Unfortunately, Thomas Lindsley Bradford failed to stick to the facts. The experiment in Toulchin was in 1829, and not in 1827. Christian Theodore Herrmann (not Hermann) was not an allopath, and “members of the homeopathic school” never charged him for an “unfairly conducted” trial….

A special committee including several homeopaths (Drs. Adam, Carl Bernhard von Trinius and Christian Theodore Herrmann took part) should be established. After having had several meetings, the committee worked out a report and submitted it to the State Council. On September 26, 1833 the State Council accepted the following decisions concerning the future of homeopathy in Russia:

1. Homeopathic treatment may be applied […] by licensed physicians only.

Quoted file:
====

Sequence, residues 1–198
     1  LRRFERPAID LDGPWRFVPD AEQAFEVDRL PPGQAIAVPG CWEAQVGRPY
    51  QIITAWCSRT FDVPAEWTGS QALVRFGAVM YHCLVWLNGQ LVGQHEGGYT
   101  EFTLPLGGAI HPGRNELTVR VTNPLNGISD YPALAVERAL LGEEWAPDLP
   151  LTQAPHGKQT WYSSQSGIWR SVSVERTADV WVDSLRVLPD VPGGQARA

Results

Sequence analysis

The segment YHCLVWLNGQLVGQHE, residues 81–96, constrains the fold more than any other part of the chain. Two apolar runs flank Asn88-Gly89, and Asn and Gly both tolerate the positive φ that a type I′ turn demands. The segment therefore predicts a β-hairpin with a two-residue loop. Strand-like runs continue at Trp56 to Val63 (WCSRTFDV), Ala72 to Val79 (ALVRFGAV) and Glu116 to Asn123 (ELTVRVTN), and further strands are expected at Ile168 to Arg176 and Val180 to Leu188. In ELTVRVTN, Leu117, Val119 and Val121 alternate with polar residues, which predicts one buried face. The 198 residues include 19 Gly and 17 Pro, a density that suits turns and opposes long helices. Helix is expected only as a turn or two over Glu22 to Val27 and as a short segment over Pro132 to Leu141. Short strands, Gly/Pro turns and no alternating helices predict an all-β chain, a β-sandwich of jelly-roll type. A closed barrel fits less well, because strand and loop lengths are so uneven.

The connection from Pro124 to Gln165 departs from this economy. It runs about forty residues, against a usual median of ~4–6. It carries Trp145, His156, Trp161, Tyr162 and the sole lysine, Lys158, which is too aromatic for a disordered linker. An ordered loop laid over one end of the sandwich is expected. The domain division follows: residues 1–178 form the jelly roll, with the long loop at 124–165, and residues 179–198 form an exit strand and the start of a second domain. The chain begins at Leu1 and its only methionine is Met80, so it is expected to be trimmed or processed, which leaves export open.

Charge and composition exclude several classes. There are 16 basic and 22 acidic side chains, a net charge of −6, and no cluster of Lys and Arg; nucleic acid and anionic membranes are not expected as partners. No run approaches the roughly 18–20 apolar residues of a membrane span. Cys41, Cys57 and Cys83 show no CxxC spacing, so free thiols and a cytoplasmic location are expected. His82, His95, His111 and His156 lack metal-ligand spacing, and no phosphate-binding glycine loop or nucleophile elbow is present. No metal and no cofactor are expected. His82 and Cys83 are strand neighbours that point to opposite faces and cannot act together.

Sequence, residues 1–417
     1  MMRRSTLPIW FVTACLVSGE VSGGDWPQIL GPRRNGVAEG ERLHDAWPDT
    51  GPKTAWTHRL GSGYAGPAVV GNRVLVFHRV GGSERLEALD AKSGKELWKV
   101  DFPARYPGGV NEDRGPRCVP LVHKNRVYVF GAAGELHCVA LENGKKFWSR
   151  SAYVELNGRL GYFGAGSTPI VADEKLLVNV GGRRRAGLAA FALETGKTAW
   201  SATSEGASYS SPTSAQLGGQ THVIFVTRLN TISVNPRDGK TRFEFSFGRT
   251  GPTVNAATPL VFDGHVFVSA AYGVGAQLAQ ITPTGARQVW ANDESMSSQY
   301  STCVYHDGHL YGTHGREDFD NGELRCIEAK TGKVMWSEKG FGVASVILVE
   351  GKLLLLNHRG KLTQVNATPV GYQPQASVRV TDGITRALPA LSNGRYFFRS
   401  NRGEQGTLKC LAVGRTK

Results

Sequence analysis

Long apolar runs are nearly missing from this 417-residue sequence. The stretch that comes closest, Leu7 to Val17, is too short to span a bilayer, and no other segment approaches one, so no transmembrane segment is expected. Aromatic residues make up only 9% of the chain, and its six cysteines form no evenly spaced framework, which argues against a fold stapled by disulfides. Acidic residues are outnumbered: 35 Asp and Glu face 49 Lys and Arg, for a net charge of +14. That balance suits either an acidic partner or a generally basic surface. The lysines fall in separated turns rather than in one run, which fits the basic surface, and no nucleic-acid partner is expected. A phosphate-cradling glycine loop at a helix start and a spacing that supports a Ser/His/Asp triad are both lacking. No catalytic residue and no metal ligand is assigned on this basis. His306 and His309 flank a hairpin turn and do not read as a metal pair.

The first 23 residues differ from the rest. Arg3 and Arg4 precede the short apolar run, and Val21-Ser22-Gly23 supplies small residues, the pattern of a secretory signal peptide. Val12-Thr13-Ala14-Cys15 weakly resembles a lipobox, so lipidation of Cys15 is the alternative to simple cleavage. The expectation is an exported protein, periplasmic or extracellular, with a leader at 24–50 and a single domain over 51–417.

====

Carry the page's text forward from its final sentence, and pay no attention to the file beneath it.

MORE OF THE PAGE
2. Homeopathic pharmacies in St. Petersburg and Moscow are allowed to be established. These pharmacies have to provide all provincial pharmacies and homeopathic doctors in Russia. […].

3. The establishment of homeopathic pharmacies as well as their management, are allowed only to pharmacists licensed by the Board. […]. (According to the rules edicted in chap. 4, homeopathic doctors were also allowed to offer homeopathic medicines from their own kits in emergency, in two closed envelopes, (one – for the patient, the other – for future investigation in case of the patient’s death)).

4. Homeopathic doctors are allowed to prescribe homeopathic medicines to be obtained from allopathic pharmacies […] if these medicines are prepared there.